kitchen table math, the sequel: Combatting the Disbelief

Friday, November 7, 2008

Combatting the Disbelief

One of the major problems I see whenever someone is trying to change the curriculum at their local school is that only a tiny percentage of parents really knows how bizarre the curriculum is, how far off the standard map it is from their own upbringing. And if, for example, I try to tell other parents, they simply do not believe it, and I lose all credibility.

Even my own husband doesn't believe it-- "They don't teach stacking??? Come on! That's hogwash." The list of topics I claim not covered is so deep and so wide, I must be exaggerating.

Even when you're talking to parents whose kids are in the same classroom, they seldom believe it. Even when these parents are college educated in the sciences or engineering themselves, they don't seem to coherently examine the whole arc of a school year (or years) to notice what's missing. They seem to assume that things are fine--until middle school is reached, at the earliest.

So, how is this best combatted? Handing someone a textbook and saying "go ahead, try to find stacking" doesn't work, as most won't see that as proof of anything. There's no way to show the overall year in, year out deficiencies by looking at one text, either. So what can work? What can help other parents to see how far from their common expectation the current curriculum is, while still saving one's credibility?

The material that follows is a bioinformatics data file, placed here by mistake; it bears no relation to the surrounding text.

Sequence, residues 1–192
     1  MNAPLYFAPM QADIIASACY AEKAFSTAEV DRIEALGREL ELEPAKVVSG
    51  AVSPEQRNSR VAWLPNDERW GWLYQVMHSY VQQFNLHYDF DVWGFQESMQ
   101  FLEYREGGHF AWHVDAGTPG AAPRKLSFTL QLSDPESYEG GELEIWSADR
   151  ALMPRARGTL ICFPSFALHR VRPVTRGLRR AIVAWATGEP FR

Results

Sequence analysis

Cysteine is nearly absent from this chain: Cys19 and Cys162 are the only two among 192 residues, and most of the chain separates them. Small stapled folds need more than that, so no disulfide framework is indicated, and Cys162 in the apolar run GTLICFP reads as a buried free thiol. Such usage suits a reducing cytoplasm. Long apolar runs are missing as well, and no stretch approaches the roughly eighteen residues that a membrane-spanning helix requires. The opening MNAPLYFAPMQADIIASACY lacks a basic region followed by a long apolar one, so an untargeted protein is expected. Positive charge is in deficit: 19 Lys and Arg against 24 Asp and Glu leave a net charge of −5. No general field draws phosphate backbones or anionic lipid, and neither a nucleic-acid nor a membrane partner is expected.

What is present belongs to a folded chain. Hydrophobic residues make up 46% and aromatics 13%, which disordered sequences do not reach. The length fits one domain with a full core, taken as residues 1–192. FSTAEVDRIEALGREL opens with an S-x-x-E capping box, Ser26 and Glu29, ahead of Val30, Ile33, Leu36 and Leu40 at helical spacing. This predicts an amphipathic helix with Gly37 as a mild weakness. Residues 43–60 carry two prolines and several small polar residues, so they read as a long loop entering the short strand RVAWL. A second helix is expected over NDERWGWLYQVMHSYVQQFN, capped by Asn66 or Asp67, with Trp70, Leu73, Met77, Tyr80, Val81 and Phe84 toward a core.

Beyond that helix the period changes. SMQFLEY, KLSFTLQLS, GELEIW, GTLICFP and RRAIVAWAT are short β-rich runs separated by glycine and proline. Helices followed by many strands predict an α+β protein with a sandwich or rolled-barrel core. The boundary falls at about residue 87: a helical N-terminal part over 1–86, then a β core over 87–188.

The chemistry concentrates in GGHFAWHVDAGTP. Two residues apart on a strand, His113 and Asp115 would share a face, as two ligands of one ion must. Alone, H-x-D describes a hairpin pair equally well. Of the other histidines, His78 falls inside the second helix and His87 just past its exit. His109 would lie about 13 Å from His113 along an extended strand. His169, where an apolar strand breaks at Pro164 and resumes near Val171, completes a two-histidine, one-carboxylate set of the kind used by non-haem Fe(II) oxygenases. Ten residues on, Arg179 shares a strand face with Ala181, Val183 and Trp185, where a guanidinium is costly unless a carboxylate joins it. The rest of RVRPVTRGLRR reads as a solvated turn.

13 comments:

concernedCTparent said...

I've suggested they have their children take the appropriate grade level Singapore Math placement test. That's usually painfully eye-opening.

The problem from that point on, however, is that most parents are much too frightened by the results. They'd rather live in a fantasy land where all is well and their children are learning the type of math they will need for all those jobs that require math and science everyone keeps talking about. It's easier to believe what the schools keep telling parents than the alternative. The alternative is much too scary.

concernedCTparent said...

You've reminded me of one of the many conferences I had regarding Everyday Math. It was when my daughter was in fourth grade and I pointed out to the teacher and the Principal that Everyday Math only explains how to multiply decimals using a calculator. I suggested they check the index to verify if what I was saying was true. They were sure that wasn't the case and that I must be exagerrating. I was still the parent with the problem, of course. Everyday Math was just perfect!

ElizabethB said...

I find if I repeat myself 20 times or so and explain what's going on (with reading, but same, same for the disbelief and the things not being taught), it finally starts to penetrate.

Reading Grade level tests are helpful, people actually are open to finding out their child's reading grade level.

SteveH said...

The problem is that it's not just a matter of tweaking a few things at the school. There are fundamental differences of opinion and expectations. In spite of all of the stories of crazy parents, most parents say very little and would cringe at risking a confrontation. I thought about setting up monthly meetings (for just parents) to talk about these things, but that would would not go over very well.

concerned said...